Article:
Assignment & Schedule
For Unit 3, we’re going to circle back to things we discussed at the beginning of the term – how we learn what we know. And we’re going to take a bit farther.
We read an excerpt from Ellen Carillo’s article on the problems with Common Core as applied to reading and analyzing. Her point (it’s on Perusall if you want to look at it again) was that if we only look at what’s in the text without considering the larger context (or who the author is or who the intended audience is), then we’re not really understanding what the piece is about. And that’s dangerous. She goes on to say that this is how “alternative facts” and misinformation have grown since the 2016 election.
But we can make the argument that only looking at things from a single perspective has always been a problem. If we only get our information from one source, or only get our world view from one group of people, that can lead to some unfortunate attitudes and consequences.
So for this now-brief Unit 3 project, we’re going to take a quick dive into the danger of single sources, and use social media to do it.
The assignment: write a 750 word Open Lab post about the danger of getting information from a single source. Due Dec 1.
You can tell a personal story, or talk about a situation that’s happening that you know about, or pretty much any approach. You can use gifs, or images, or videos as well as text. But the main thing is that it needs tell us what the danger is and why it’s dangerous. You can talk about social media, or what’s called the mainstream media, or streaming services, or YouTube, or Facebook, or TikTok, or Instagram, or podcasts…. It’s completely up to you. But you’ll need to focus and really make it connect with us as your audience.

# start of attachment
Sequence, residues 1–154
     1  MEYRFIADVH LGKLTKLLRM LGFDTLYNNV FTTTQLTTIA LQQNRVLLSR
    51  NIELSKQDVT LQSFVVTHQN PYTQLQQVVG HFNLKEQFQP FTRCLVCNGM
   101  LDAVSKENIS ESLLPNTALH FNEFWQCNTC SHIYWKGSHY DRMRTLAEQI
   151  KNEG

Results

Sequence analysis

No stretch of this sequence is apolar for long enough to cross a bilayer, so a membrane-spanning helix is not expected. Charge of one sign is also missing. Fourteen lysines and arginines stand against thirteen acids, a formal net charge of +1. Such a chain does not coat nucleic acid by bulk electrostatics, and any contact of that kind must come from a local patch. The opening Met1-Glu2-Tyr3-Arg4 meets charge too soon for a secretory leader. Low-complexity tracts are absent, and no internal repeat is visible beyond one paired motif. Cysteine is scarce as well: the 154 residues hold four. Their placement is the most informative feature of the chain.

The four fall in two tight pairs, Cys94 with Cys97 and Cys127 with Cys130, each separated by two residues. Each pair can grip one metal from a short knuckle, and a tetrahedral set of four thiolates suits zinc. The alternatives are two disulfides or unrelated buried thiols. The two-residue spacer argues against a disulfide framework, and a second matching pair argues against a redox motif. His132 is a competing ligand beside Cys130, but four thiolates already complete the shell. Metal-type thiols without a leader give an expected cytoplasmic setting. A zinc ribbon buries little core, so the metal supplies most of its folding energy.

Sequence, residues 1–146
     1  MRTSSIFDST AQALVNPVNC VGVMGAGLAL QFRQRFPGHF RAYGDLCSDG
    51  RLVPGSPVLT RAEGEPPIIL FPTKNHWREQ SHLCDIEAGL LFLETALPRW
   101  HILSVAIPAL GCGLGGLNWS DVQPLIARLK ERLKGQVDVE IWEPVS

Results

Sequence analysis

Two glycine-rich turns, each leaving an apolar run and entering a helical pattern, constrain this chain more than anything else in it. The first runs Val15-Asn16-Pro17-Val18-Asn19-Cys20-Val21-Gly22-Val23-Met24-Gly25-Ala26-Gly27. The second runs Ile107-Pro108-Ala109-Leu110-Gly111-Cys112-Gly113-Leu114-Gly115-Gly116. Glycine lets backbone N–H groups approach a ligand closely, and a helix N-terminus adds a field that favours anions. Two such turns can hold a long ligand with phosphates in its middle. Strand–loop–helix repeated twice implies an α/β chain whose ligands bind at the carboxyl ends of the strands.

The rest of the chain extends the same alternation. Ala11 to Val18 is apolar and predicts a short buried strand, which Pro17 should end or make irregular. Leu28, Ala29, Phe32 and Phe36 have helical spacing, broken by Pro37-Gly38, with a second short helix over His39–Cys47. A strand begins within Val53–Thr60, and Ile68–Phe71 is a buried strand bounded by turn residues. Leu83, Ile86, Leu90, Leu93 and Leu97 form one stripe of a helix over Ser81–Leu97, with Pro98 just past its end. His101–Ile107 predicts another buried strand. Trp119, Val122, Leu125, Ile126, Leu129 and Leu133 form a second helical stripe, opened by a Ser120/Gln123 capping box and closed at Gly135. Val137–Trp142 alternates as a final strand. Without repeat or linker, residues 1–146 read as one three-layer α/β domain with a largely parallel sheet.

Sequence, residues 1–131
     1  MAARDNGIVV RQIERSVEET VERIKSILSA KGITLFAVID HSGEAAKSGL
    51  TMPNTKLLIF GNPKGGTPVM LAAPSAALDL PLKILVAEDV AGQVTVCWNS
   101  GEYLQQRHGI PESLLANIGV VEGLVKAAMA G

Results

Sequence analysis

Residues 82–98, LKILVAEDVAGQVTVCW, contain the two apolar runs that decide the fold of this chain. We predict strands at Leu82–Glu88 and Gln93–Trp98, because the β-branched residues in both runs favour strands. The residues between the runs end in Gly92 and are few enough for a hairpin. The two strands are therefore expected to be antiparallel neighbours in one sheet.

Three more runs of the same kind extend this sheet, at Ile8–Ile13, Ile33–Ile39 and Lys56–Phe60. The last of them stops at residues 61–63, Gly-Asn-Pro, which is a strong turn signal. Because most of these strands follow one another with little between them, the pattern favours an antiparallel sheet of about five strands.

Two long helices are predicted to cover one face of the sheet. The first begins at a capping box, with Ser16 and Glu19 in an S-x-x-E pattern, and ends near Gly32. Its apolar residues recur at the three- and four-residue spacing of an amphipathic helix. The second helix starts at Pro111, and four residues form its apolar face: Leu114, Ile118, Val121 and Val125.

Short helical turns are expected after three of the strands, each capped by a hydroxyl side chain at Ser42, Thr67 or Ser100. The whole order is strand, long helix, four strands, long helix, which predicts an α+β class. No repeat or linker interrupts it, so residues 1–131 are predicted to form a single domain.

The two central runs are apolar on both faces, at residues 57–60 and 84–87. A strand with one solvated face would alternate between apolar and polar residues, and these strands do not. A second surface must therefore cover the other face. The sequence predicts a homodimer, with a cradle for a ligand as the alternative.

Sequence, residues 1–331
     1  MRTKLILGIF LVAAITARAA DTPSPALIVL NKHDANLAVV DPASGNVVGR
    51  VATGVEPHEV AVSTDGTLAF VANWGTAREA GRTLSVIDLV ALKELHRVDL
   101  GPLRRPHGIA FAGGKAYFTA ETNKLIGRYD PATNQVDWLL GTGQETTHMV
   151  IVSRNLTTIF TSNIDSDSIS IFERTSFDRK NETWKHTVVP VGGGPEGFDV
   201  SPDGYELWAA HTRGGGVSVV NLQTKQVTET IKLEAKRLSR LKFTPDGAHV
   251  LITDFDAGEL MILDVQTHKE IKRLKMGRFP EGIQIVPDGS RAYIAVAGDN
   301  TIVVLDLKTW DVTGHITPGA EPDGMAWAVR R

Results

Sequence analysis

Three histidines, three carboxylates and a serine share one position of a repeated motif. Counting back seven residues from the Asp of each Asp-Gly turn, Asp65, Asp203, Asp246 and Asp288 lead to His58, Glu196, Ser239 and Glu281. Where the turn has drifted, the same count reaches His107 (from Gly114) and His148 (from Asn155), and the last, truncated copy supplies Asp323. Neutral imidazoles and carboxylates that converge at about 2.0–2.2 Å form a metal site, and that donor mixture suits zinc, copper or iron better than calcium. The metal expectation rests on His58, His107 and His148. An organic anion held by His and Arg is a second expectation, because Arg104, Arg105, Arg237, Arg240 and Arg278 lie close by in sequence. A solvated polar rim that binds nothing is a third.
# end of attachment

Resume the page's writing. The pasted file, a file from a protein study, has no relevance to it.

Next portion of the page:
Category: Information Sources
Here’s the whole assignment and schedule:
- In class 11/22: Watch Adichie’s TEDTalk on “The Danger of the Single Story” (below)
- For 11/24: Write a short (150-200 words) OpenLab post where you talk about what you think is important about her talk and what part getting information from a single source plays in what she’s saying. Category: Single Story
- For 12/1: Write your longer (750-word) OpenLab post about single sources of news and information — what’s dangerous about them and why, or what’s not dangerous about that situation. Use images, and links, and whatever else you want to explain what you mean. Category: Information Sources
- For 12/6: Add a short introduction and conclusion to your post. Then copy the whole post over to the Google Drive Unit 3 folder (you can make it a Word doc or Google doc — it’s just so we can see them all together and comment more easily).
- The Introduction — write a couple of sentences about what interested you about the idea of single sources of information.
- The Conclusion — write a few sentences about what you learned from doing this. What do you know now that you didn’t before? What surprised you? What made you angry? What you think you could do about this in your own life?